Why Can’t I Find the 1890 Census?

The short answer? It was destroyed by a fire. However, that short answer doesn’t illustrate the true demise of the 1890 census.   

In 1890, for the first time in the history of the census, there was a separate sheet for each family. A question regarding service during the American Civil War was asked, which included those that served as well as widows of soldiers. The census also asked how many children women had and how many were still living. The census, if it had survived, provided insight into immigration, industrialization, and westward expansion of the nearly 63 million people. According to the Library of Congress, nearly 12 million immigrants arrived in the United States between 1870 and 1900.[1] Many of these people appeared for the first time in the 1890 census  along with details regarding these families that are now lost to history. Historians and genealogists keenly feel the loss of this census when tracking the movements and lives of people between 1880 and 1900.

So, what happened?

The 1890 census seemed doomed from the start. In March 1896, the original 1890 special schedules for morality, crime, pauperism and benevolence, special classes, and portions of the transportation and insurance schedules were damaged by fire according to the National Archives. This ultimately led to their destruction by the Department of the Interior. There were no reports of the population schedules suffering any damage. In 1921, the schedules were in an unlocked room in the basement of the Commerce Building, despite requests for an archive building for the safety of the census schedule. On January 10 of that year, building fireman James Foster spotted smoke about 5 o’clock. When other firemen arrived, they began hosing water into the building and flooded the cellar. With no disaster or recovery plan of historic documents and artifacts at the time, the Chief Clerk opened the windows to let out smoke and everyone went home after the fire was extinguished.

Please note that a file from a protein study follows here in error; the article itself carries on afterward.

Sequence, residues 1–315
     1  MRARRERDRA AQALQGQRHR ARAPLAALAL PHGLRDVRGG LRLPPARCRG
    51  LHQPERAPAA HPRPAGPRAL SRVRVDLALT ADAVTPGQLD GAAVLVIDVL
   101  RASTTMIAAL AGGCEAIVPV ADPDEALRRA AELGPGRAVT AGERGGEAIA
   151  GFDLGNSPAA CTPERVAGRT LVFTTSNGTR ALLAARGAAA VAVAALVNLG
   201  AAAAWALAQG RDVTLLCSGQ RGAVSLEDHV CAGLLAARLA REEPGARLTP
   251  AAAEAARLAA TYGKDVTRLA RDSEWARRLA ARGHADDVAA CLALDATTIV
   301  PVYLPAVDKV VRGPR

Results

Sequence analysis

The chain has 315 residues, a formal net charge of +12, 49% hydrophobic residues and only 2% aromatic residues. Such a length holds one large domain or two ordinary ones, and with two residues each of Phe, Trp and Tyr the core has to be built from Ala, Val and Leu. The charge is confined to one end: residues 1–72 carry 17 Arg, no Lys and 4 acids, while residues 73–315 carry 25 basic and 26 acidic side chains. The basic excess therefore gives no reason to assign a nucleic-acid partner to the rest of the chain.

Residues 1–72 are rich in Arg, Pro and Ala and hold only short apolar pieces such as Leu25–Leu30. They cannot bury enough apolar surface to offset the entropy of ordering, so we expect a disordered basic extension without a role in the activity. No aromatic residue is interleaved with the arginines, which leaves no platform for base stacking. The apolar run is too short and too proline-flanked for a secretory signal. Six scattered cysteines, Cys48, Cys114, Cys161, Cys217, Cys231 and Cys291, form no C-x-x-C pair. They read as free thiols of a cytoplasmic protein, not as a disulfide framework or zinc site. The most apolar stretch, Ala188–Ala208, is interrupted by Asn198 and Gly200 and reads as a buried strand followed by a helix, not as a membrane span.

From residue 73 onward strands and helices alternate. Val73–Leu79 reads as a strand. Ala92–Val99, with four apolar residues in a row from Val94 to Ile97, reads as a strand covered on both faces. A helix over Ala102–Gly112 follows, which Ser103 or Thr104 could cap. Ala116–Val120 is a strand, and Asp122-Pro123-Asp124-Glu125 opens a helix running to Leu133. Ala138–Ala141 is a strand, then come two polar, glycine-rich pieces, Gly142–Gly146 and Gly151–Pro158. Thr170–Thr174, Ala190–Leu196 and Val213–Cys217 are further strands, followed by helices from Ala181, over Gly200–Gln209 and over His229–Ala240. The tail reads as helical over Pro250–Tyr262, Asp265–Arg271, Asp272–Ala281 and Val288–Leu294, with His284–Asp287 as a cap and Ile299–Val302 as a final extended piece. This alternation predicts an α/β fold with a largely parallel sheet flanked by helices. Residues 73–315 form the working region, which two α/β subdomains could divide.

The next day, water was still ankle deep in some areas covering records and while the vault was considered fireproof and water tight, water leaked in and damaged some earlier and later census records. However, the 1890 census was stacked outside the vault directly in the path of the fire and water. According to the Census Director at the time, Sam Rogers, an estimated 25% was destroyed with 50% damaged by water, smoke, and fire. No cause was ever discovered for the fire but speculation and rumors spread from a cigarette to spontaneous combustion.

At the end of the month, the damaged records moved to temporary quarters and it was recommended the remaining 1890 census schedules be destroyed. Many prominent people and organizations wrote in asking that the schedules not be destroyed and that an archive building be built. However, nothing was done for the damaged census and information regarding its movement is scarce until 1932. That year, the Chief Clerk of the Bureau of Census sent the Librarian of Congress a list of records deemed no longer necessary as part of the federal retention schedule. The Librarian did not identify any records as worthy of historical preservation which included the population schedules from 1890. Congress authorized their destruction on February 21, 1933.

The 1890 census schedules were thought to be completely gone until 1942, when surviving Illinois schedules were accessioned after being found during a Census Bureau move. In 1953, more fragments were accessioned from Alabama, Georgia, Illinois, Minnesota, New Jersey, New York, North Carolina, Ohio, South Dakota, Texas, and the District of Columbia. In total, only 6,160 names survived of the 1890 population schedules of the nearly 63 million person count.

[1] Ellis Island opened in 1892 and was America’s largest and most active immigration station until 1924.

Works Cited

Blake, Kellee. “’First in the Path of the Firemen’: The Fate of the 1890 Population Census, Part 1.” Prologue 28, no. 1 (Spring 1996). Accessed February 25, 2020. https://www.archives.gov/publications/prologue/1996/spring/1890-census-1.html.

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